If Musica Reservata qualifies as northern Utah's premiere early-music ensemble, it isn't just by default. At their best they are very good indeed, and happily that is the way their holiday program Thursday at All Saints Episcopal Church often found them.

Admittedly it took them a while to warm up, as it did nearly everyone in the attractively modernistic chapel. (Leaded glass may look nice but it doesn't do much to keep out the cold.) But once on form, the array of early English songs, dances and carols they served up sparkled as brightly as a treeful of ornaments.Under the rubric "Who Liveth So Merry: Joyful Music From the British Isles," that embraced everything from medieval estampies and devotional songs to music and poetry of the Elizabethan court (including Dowland lute songs and extracts from the Fitzwilliam Virginal Book) and arrangements of traditional carols.

For his part, narrator Ben Norton's poetic and scriptural recitations lent an appropriately British accent to the proceedings, especially his evocative readings from Marlowe, Shakespeare, Jonson and Herrick. Otherwise vocal honors were split between soprano Cheryl Hart and bass Raul West, the latter at one point even embroidering his work with a bit of impromptu juggling.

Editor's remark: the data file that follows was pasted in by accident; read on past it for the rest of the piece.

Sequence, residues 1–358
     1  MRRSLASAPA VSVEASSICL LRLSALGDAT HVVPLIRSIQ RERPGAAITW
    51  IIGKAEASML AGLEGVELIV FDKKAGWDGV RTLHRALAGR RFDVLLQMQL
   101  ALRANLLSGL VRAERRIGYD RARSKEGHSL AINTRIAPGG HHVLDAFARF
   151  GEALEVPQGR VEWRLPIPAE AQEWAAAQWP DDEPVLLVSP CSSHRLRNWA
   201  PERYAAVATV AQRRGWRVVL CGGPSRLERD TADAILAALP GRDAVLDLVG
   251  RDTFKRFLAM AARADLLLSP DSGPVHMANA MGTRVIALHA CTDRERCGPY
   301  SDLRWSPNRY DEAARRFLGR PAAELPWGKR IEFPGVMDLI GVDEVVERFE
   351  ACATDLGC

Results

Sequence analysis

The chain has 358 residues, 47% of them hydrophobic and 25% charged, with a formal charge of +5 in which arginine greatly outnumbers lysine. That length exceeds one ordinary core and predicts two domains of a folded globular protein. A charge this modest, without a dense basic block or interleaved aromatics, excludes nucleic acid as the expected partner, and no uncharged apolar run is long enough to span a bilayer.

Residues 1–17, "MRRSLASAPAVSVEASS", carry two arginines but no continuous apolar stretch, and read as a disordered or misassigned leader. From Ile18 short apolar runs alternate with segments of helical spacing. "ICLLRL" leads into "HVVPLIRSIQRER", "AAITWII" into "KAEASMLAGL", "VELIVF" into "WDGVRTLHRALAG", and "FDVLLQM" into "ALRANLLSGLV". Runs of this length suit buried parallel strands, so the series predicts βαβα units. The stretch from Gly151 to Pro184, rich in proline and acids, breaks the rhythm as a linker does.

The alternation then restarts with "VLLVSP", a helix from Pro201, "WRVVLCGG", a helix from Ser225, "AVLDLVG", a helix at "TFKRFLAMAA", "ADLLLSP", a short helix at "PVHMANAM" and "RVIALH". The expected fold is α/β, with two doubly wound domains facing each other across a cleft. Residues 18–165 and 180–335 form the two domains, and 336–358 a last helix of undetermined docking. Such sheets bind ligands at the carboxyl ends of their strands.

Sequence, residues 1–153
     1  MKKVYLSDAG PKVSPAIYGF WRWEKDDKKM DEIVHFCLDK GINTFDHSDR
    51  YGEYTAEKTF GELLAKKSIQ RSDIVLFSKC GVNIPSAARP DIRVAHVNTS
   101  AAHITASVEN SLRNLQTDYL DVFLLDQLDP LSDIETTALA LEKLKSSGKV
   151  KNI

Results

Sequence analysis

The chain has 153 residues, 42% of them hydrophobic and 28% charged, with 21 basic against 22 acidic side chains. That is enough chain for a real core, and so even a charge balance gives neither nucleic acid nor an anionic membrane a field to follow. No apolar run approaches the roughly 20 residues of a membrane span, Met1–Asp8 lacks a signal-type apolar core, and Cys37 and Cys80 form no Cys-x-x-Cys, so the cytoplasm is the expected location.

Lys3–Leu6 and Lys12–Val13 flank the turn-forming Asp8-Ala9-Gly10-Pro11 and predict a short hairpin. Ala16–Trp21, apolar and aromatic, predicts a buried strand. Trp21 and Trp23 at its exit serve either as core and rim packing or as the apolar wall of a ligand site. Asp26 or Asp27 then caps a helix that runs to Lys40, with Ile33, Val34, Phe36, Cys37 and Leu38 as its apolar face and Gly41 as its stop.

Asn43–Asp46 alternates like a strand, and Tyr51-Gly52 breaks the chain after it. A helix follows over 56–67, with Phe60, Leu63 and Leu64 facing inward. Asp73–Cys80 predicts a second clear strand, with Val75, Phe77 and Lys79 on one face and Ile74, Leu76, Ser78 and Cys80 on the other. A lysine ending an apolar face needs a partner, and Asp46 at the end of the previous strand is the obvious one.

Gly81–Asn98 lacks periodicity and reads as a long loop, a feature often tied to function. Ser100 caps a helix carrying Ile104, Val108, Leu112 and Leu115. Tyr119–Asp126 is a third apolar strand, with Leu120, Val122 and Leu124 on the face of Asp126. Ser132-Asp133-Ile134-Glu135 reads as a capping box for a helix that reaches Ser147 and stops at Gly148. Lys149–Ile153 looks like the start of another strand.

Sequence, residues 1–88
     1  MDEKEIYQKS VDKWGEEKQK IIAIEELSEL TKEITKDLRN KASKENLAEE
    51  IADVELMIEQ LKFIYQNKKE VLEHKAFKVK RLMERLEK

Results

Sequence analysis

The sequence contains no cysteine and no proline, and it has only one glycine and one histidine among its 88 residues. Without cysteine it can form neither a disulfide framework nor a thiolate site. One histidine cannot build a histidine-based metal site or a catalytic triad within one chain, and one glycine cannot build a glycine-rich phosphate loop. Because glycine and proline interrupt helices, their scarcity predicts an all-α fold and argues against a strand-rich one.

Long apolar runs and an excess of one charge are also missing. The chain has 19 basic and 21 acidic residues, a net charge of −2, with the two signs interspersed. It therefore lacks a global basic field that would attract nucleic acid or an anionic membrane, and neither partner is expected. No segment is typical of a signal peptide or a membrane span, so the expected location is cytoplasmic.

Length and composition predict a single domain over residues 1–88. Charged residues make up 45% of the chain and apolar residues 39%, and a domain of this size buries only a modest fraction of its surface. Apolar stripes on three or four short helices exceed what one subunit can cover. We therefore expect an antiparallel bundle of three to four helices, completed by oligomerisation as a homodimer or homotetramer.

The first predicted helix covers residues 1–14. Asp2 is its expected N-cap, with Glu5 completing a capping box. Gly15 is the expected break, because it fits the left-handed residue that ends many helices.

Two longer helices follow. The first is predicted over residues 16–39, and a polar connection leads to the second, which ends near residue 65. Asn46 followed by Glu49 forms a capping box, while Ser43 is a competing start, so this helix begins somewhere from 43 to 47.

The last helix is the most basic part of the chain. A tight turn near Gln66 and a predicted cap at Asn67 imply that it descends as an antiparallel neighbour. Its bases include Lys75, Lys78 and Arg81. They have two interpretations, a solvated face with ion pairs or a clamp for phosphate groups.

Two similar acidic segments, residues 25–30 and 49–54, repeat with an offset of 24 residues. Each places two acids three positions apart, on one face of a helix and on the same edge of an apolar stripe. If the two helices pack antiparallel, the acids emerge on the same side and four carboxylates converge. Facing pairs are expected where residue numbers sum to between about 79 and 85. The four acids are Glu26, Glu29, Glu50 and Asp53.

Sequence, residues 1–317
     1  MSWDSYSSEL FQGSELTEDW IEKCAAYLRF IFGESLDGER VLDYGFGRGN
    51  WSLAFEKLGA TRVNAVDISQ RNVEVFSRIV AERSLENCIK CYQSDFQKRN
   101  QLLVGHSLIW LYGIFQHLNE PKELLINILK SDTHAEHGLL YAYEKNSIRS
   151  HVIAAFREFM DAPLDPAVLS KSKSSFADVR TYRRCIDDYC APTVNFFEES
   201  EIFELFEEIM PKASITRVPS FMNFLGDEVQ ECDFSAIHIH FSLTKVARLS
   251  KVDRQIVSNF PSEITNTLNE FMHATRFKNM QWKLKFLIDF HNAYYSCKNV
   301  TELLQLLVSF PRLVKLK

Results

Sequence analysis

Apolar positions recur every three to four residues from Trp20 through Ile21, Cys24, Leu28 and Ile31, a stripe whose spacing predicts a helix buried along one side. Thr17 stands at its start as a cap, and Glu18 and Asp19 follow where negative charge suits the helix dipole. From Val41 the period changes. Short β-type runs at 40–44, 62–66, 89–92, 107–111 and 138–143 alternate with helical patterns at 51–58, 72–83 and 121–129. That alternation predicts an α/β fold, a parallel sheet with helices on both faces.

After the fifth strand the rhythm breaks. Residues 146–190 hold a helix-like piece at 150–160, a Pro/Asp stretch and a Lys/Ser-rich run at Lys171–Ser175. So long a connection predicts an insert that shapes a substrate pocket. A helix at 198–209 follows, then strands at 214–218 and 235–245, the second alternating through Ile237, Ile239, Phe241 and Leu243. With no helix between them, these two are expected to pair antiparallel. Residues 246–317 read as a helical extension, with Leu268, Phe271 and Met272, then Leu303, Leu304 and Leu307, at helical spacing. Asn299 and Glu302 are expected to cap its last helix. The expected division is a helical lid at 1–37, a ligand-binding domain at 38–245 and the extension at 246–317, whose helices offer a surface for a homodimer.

With lute accompaniment by Herald Clark, Hart's pure, white tone gave "There Is No Rose" an otherworldly elevation. No less admirable were her stately grace in Johnson's "Eliza Is the Fairest Queen" (against low winds and gamba) and controlled dramatic sense in Ravenscroft's whooping "Tomorrow the Fox Will Come to Town," "Good King Wenceslas" (as the page) and a lightly sung "The Holly and the Ivy," here not the familiar tune.

West, on the other hand, was sometimes inclined to overdo the drama. But what a joy to hear his steady bass encompass the depths of the 15th-century annunciation carol "Nova, Nova" and the full range of "The Boar's Head," the celebratory air of the first enhanced by xylophone, harp and crumhorns, with their upturned snouts.

Elsewhere the period instruments (with costumes to match) imparted a delicious tang to such things as Henry VIII's lively "Helas, Madame" - here minus its French lyric - and "Pastime With Good Company." Ditto the anonymous "The Dark Is My Delight," with its recorder consort, and the flavorful drone underlining the 13th-century "Danse Royale," clearly of Norman origin.

Other standouts included the three Dowland songs, with their faintly melancholic air, the quiet restraint of Clark's solo lute in Johnson's "Ambrosio Pavan" and harpsichordist Ruth Helm's account of Byrd's delightfully varied "The Carman's Whistle," its every rhythmic catch firmly in place.

All of which helped stave off the chill of the inevitable re-entry into our own century, and the windy outer world, via Vaughan Williams' arrangement of the Yorkshire "Wassail Song" - the gentler of two he collected under that title - here with soprano, baritone, recorders, gamba and harpsichord.

That may not be the way he heard it, but I can't think he'd have minded. Or refrained from joining in the repeated wish, "May God bless you and send you a happy new year."